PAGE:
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How To Make Remote Meetings Productive and Engaging

How To Make Remote Meetings Productive and Engaging
How To Make Remote Meetings Productive and Engaging

How To Make Remote Meetings Productive and Engaging

Remote or virtual meetings have become common in most workplaces. They conveniently bring employees together from vastly different regions, saving both time and money.

However, there are definite challenges that pose a threat to the productivity and engagement of a remote meeting. Is there a way to overcome screen fatigue, lack of engagement, and feeling unaccomplished after a remote meeting?

Keep reading for tips on what to do before, during, and after your meeting.

Before The Meeting

  • Begin with the end in mind. Every meeting should have a well-defined goal. Is the goal to offer training to employees, brainstorm as a team, or collect feedback about a company policy? If the goal is simply to relay information, is a meeting even necessary? Perhaps an email, newsletter, or post on the company’s social media page would be a better option. If a virtual meeting is the best option to relay your message, consider who should be invited. Attendees will quickly become disconnected in a meeting if the content has little to no impact on their job function.
  • Share Your Agenda. In times of uncertainty, employees can become anxious when invited to a meeting, if they don’t know the purpose of that meeting. Sharing your agenda offers transparency and allows them time to process what will be discussed. If you plan to brainstorm as a team, you can encourage everyone to come prepared with ideas on the given subject. This best practice also ensures that you get the best thinking from your team and allows all to contribute.
  • Plan for Interaction. As the facilitator, you can build interaction into your meeting. For example, if you want to brainstorm as a team, you can use a Whiteboard tool that allows everyone to add their ideas to the board simultaneously. Breakout rooms are great for smaller groups to share their expertise, role-play, or problem-solve. The chat feature can also be leveraged to encourage timid or inexperienced employees to share their thoughts with the rest of the group. If you decide to use any of these features, it’s a good idea to have a co-facilitator or producer available to assist, so you can stay focused on running the meeting.

Manager Tips For Working With A Remote Staff

During The Meeting

  • Set expectations. Before the meeting begins, aligning expectations by reviewing the agenda is important. Remind them what the purpose or goal of the meeting is right from the start. Let them know how much you value their engagement and demonstrate how you would like for them to participate (i.e., raise their virtual hand). Your agenda should include a segment for Q&A, and if you have a lot of content to cover, it’s best that you wait until that segment to answer questions. It’s also helpful to assign someone ahead of time to take notes that will be used as a reference after the meeting.
  • Stay connected to your audience. “Technologies are only useful to the degree that they make things clearer and more memorable and strengthen the human-to-human connection.” (Garr Reynolds, Presentation Zen). PowerPoint and other slide design software should be used to enhance what a speaker is saying, not overpower them. If you decide to use a visual aid, keep it simple and straightforward so you don’t lose your audience. Our attention span is shorter when we’re in virtual meetings, so to keep everyone engaged, it’s best to avoid reading slides or overcrowding slides with many words or images. Also, consider adding short breaks to give your attendees a chance to step away from the screen, grab a coffee, etc. These short, well-timed breaks will go a long way in reducing screen fatigue.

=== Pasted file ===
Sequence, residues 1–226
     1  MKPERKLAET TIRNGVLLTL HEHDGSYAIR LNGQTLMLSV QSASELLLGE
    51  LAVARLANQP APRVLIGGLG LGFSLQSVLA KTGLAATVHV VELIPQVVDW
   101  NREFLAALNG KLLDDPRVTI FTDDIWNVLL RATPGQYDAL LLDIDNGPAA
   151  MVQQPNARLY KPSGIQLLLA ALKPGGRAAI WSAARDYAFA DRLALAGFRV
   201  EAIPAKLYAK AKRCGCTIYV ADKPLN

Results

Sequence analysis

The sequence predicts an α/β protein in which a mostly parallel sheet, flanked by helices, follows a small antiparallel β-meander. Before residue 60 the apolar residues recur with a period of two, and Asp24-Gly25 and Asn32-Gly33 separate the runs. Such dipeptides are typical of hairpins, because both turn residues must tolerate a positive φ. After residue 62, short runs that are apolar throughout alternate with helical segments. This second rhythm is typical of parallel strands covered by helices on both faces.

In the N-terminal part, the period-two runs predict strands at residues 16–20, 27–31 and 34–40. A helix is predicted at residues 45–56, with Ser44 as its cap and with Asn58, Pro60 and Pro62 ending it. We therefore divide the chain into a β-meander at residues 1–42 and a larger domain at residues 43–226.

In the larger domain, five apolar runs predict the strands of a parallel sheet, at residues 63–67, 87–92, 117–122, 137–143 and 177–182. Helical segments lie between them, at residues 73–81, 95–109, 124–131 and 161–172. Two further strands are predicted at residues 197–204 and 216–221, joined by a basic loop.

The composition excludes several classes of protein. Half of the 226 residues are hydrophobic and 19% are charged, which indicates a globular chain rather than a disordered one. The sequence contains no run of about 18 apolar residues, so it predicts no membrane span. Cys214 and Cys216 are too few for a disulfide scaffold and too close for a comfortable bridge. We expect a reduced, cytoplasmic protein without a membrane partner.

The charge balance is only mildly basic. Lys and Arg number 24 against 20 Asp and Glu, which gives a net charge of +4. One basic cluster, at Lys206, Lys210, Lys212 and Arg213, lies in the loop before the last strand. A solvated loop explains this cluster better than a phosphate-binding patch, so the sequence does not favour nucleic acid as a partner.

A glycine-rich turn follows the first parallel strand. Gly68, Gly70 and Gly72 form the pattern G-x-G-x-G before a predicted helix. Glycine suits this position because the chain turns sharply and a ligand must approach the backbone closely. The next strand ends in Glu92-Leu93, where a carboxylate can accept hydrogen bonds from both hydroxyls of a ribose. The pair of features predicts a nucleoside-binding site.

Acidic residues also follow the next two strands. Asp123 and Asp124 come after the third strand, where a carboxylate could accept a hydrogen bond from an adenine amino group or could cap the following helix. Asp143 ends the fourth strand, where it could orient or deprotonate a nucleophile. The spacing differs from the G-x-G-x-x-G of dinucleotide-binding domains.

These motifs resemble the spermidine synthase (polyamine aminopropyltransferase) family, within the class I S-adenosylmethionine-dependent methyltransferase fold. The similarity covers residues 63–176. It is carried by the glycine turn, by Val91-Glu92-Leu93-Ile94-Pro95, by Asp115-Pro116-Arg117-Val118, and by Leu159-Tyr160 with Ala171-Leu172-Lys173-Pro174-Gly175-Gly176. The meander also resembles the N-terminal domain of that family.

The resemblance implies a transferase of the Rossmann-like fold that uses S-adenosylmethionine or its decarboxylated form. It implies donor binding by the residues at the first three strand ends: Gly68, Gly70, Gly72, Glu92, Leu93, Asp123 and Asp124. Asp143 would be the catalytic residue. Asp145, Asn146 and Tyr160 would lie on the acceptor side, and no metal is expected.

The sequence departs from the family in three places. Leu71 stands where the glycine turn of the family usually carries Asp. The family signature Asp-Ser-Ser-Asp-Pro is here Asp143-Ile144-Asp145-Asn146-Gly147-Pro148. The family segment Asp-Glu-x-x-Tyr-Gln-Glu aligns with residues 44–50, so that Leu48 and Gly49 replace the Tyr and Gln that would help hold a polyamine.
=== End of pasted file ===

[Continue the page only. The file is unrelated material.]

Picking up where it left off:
• Manage Interactions. Have you ever been in a meeting where one person seems to be dominating the conversation? I know I have, and it’s not a pleasant experience. If I’m honest, I also know I have been that talkative person in a meeting. As the facilitator, your goal is to make sure that everyone feels psychologically safe and free to participate. You don’t want to discourage anyone from commenting or sharing their ideas, but it’s important to gather diverse perspectives from a variety of team members. The raise hand feature is a fantastic tool if implemented at the start of the meeting. It allows you to stay in control of who speaks, and in what order they speak. Another technique is to ask for feedback from a specific department or group within your organization. You can also assign specific people to be the spokesperson for their group to encourage their engagement.

After the Meeting

  • Follow Up Promptly. After the meeting is over, and preferably on the same day, send a follow-up email with a brief recap of what was discussed. If the meeting was recorded, be sure to send the recording to the team, in case someone was unable to attend. Make sure any action steps, deadlines, and deliverables are clearly outlined, as well as the person responsible for each. Also, provide access to any documents or collaborative materials; making these items easy to retrieve will eliminate frustration and improve workflow. Lastly, consider sending out a brief (anonymous) survey to get feedback on the meeting. Asking for suggestions and acting on those suggestions builds trust and will lead to future engagement during virtual meetings.

The next time you plan a remote meeting, consider the three facets just discussed: what needs to be done before, during, and after the meeting. This might feel like a lot of planning, but it’s necessary to keep your remote meetings both engaging and productive.

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Danielle Alleyne
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